Why you should care
Because this is what it looks like when a country’s health care system is in crisis.
It’s a tweet that ultimately fell on deaf ears: “#ServicioPublico Infalgan solution of 10 Mg for injection is needed for Vanessa Chacón.” Sent from San Rafael del Piñal, a small town in Venezuela near the border with Colombia, the tweet was sent on behalf of Chacón, 22, who needed the medicine to survive a severe coronary condition. Unfortunately, it’s simply not available there — and isn’t likely to be anytime soon.
“My niece is very sick. We haven’t been able to locate the drug in pharmacies or in hospitals,” says Nelson Jaimes, who’s Chacón’s uncle and, coincidentally, a pharmacist. “We who are inside the pharma business can’t locate the products. What can a regular citizen expect to find?”
In Venezuela, several hundred tweets like this go out every day under the hashtag “#ServicioPublico,” meaning “public service.” But few cries for help are answered, and the country is facing a critical shortage of basic medical supplies. The crisis is only getting worse. A crumbling economy and lack of access to foreign currency (worsened by the recent drop in oil prices) means domestic distributors cannot pay their suppliers. That, in turn, has led international medical suppliers to cut shipments and hold back on maintenance of Venezuela’s health care infrastructure. Bills have piled up to the tune of some $245 million — and that doesn’t include money owed to drug companies, maintenance firms or other health careproviders.
The consequences are being felt across a broad swath of society. Up to 15 percent of the country’s cancer patients are dying due to a lack of radiotherapy treatment, the Venezuelan Society of Oncology and Oncological Radiotherapy has warned. The situation has become so dire that some professionals who used to work with pharma companies say they’ve cut their relationships because there’s just no medicine for the businesses to supply.
Look no further than the shelves in Jaimes’ two pharmacies, which are almost empty. There’s no vitamin C, no folic acid, not even acetaminophen, which is sought after to treat the symptoms of chikungunya, a mosquito-transmitted virus that causes severe joint pain and infected almost 35,000 people last year. And while Jaimes searches for the drug his niece needs, he — and many other business owners — are also struggling to keep their pharmacies afloat. “You must keep the pharmacy open eight hours a day, every day, whether you have anything to sell or not,” he says. “If we close, we lose our licenses.”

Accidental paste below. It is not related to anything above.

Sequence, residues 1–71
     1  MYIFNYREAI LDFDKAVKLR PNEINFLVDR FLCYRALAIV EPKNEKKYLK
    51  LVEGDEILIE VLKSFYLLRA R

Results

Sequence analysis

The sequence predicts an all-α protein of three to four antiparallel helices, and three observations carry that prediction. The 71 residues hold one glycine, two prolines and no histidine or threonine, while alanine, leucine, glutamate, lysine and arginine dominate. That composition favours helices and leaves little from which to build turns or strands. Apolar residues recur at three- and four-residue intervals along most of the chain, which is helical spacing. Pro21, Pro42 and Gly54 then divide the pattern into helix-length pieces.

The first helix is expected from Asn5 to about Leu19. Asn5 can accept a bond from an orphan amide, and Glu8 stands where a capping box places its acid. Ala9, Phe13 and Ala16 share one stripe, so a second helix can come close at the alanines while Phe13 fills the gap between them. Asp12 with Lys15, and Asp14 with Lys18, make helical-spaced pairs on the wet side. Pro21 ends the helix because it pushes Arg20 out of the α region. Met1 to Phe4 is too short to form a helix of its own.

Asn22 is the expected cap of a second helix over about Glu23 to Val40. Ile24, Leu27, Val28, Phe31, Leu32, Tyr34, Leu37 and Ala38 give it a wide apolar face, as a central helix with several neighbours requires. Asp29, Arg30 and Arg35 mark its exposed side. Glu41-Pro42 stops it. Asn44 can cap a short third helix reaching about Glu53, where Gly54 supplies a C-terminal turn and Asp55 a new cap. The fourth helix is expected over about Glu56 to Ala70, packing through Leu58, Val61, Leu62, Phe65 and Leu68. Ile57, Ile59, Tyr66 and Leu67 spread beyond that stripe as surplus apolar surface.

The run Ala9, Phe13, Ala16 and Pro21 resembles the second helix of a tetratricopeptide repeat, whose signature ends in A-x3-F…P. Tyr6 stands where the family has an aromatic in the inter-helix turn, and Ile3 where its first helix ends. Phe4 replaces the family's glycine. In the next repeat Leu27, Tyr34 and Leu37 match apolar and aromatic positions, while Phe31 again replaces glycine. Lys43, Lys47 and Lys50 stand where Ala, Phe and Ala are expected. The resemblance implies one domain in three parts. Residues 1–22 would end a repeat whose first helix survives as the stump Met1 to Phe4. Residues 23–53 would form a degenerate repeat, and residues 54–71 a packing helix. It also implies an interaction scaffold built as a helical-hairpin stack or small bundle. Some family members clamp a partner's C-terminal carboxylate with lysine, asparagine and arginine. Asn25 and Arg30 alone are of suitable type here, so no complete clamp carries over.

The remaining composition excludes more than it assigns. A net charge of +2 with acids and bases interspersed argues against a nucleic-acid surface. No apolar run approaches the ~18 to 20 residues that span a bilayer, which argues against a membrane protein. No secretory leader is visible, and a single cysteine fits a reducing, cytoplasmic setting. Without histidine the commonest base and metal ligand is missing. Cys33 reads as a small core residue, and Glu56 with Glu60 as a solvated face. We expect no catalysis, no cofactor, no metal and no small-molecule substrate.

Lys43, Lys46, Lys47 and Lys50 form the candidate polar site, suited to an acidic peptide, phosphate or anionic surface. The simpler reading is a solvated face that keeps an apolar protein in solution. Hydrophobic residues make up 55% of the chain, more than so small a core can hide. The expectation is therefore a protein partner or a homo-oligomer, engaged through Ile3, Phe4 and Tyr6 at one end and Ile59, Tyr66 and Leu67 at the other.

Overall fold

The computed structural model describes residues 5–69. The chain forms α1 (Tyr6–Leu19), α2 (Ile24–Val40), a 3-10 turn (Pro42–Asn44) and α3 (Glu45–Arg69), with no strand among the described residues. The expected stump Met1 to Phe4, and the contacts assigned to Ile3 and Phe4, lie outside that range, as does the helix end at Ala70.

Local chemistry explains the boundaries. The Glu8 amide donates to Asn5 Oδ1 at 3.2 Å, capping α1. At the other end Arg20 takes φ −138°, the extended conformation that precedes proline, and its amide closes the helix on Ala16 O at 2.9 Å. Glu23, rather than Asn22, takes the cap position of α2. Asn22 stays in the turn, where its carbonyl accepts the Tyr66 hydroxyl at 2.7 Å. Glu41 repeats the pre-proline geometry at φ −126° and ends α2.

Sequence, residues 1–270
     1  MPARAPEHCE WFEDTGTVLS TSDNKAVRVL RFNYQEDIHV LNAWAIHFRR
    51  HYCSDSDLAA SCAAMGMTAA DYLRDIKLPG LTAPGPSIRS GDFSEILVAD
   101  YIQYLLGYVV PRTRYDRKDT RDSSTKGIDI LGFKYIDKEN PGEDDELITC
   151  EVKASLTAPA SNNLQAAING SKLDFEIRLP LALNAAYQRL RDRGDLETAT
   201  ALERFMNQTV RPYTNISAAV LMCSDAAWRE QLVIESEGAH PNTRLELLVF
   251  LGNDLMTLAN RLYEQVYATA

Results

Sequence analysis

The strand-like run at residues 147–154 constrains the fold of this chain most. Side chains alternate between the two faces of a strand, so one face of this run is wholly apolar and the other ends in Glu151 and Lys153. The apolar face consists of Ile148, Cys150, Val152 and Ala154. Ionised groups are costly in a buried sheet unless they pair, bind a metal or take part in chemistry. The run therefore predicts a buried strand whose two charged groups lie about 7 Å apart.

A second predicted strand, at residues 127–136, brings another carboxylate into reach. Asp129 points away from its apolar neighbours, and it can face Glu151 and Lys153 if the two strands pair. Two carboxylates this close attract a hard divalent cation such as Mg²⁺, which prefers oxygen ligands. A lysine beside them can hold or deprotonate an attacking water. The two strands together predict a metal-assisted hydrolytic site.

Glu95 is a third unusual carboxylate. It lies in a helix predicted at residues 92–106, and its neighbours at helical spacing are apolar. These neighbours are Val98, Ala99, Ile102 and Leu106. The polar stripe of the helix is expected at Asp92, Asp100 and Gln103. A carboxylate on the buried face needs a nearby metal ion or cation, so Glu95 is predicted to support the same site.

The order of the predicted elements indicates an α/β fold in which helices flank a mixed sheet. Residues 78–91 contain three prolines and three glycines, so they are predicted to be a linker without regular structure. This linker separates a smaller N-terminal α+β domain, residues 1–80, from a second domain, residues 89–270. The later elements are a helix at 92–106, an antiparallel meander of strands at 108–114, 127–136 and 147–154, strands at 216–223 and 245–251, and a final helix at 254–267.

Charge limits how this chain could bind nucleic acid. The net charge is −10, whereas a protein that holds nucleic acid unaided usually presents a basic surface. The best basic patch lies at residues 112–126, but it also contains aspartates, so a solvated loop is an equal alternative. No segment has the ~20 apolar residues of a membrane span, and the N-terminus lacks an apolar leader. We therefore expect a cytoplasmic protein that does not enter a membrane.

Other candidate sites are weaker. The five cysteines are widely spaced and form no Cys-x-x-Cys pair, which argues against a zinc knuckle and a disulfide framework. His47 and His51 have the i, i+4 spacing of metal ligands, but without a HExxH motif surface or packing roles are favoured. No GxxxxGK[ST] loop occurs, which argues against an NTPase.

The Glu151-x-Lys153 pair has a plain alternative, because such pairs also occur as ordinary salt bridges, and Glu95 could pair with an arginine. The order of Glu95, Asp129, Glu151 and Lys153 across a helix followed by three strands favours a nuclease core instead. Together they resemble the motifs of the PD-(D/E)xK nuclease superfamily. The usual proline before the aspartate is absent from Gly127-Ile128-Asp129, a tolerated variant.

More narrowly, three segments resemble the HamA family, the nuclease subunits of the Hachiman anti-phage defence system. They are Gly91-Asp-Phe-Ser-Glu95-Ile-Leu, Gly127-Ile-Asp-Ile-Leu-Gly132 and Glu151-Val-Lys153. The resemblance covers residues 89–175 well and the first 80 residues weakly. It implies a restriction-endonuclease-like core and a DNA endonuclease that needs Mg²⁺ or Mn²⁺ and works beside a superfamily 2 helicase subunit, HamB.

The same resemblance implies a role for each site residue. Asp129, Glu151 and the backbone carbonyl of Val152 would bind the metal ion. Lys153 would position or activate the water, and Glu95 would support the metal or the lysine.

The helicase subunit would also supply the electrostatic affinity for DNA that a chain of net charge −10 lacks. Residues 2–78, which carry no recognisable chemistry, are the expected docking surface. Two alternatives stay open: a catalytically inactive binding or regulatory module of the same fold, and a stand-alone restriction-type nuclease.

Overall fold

The country’s government, which did not respond to a request for comment, has said that many Venezuelan-subsidized products, such as medicines, are being smuggled to Colombia and that it is trying to get a handle on the situation. Yet it has alsotaken steps to protect its image. One government directive that Venezuelan health care guilds have criticized warns, “It is strictly prohibited for patients or their families to bring medicines or medical supplies for their treatment, even if hospitals don’t have the necessary supplies.”
The government has also banned hospitals from releasing any information about the scarcity of medicine or any weakness in its health care system, and it has even arrested some people, including a patient support group member, for taking pictures of a huge queue outside a pharmacy in Caracas. “The government is not doing anything to solve this problem, even in a palliative way,” says Antonio Orlando, the president of the Venezuelan Association of Distributors of Medical, Odontological and Lab Devices (known as Avedem in Spanish) and a Venezuelan med-tech entrepreneur. “This is nonsense.”
The government is not doing anything to solve this problem, even in a palliative way.
- Antonio Orlando, president of the Venezuelan Association of Distributors of Medical, Odontological and Lab Devices
To be sure, some patients are finding a little relief — through other means. Josefa Fernández belongs to an active group of women living abroad in the U.S., Mexico, Colombia and Italy, among other nations, and manages @donatumed, a Twitter account that connects patients to the drugs they require. One young Venezuelan the group helped had lost his eye and hand, and the group was able to raise funds and supplies for him in Houston, Texas. The group also claims to have helped Marisabel Rodríguez, the second wife of late president Hugo Chavez, to get an antibiotic she needed. (In an email, Rodríguez tells OZY that “the medicine wasn’t for me” but notes that “there was a time when I travelled to Colombia and got medicines.”)
But with Venezuela’s crisis deepening, finding drugs has become more complicated by the day. Scam artists who use social media to ask for donations of medicines and then sell them at high prices have surfaced , while groups abroad are taking risks by finding ways to smuggle medicines and supplies into the country — something that is forbidden by Venezuelan law. Without an immediate solution in sight, Jaimes is thinking of making his way to the city of Cúcuta, along the Colombian border. There, he hopes, he’ll find the medicine his niece needs.